Debate on Key Features of OLAF and EPPO Relations
6 June 2018
2018-Max_Planck_Herr_Wahl_1355_black white_Zuschnitt.jpg Thomas Wahl

After the Commission tabled its evaluation report on OLAF Regulation No. 883/2013 in October 2017 (see details in the special eucrim issue 4/2017), the Council (in its ECOFIN formation) examined the report (see eucrim 3/2017, p. 100). The Commission suggested a “two-step approach”, i.e.:

- A light, targeted revision of the OLAF Regulation in the first half of 2018 to address, in particular, the relationship between OLAF and the newly established European Public Prosecutor’s Office (EPPO);

- A more substantial revision of OLAF’s legal basis at a later stage, possibly under the mandate of the new European Parliament and the Commission post-2019.

Subsequently, delegations of the Member States met in working parties within the Council and agreed on several topics that should or should not be covered in its first, light revision. These issues are summarised in an “outcome of proceedings” document drafted by the General Secretariat of the Council on 16 February 2018. Accordingly, the “light revision” should include provisions on the following topics:

- Clarification of competences, including rules on (1) cooperation with the EPPO during the selection proceedings in order to determine early on which office is competent for handling a specific case; and (2) supporting and complementary administrative investigations;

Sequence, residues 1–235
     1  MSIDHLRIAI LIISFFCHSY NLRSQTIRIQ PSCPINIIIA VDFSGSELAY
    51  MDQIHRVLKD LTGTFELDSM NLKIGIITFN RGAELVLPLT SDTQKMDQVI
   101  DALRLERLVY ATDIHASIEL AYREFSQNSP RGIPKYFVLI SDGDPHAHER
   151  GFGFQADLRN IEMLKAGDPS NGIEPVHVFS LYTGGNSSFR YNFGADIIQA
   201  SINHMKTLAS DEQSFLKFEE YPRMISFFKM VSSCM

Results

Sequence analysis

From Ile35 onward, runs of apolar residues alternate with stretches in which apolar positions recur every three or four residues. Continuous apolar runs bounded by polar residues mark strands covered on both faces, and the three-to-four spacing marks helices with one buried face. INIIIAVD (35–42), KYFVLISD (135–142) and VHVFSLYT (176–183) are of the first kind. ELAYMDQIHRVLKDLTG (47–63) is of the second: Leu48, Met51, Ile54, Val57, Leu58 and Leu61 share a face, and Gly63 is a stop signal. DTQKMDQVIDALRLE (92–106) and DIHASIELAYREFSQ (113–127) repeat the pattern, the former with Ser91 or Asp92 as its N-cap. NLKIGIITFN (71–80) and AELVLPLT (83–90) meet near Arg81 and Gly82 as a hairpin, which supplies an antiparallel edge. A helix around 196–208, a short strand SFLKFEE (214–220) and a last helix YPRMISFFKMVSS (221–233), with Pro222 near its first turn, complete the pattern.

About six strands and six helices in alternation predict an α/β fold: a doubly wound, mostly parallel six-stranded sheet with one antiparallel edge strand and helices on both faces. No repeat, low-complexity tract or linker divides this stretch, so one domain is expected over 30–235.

- Avoidance of duplication of work, including rules on (1) notification procedures; and (2) the practicalities of cooperation, e.g., liaison officers;

- Information exchange;

- Cooperation between OLAF and Member States not participating in the EPPO;

- Cooperation between AFCOS and OLAF in cases in which the EPPO could be implicated.

The paper notes that some delegations put forward, additional issues that should be tackled in the first phase of the reform, e.g.:

- Further provisions in relation to AFCOS;

- Common rules on the preparation and implementation of on-the-spot checks;

- Rules providing for the admissibility of OLAF’s final reports as evidence in national administrative or judicial proceedings;

- Rules on the admissibility of evidence collected by OLAF and the EPPO for use by the other office.

Generally, delegations requested that any additional administrative burden or additional resources for OLAF should be avoided, while ensuring that OLAF is equipped to continue exercising its mandate.

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2018-Max_Planck_Herr_Wahl_1355_black white_Zuschnitt.jpg
Thomas Wahl

Max Planck Institute for the Study of Crime, Security and Law (MPI CSL)

Public Law Department

Senior Researcher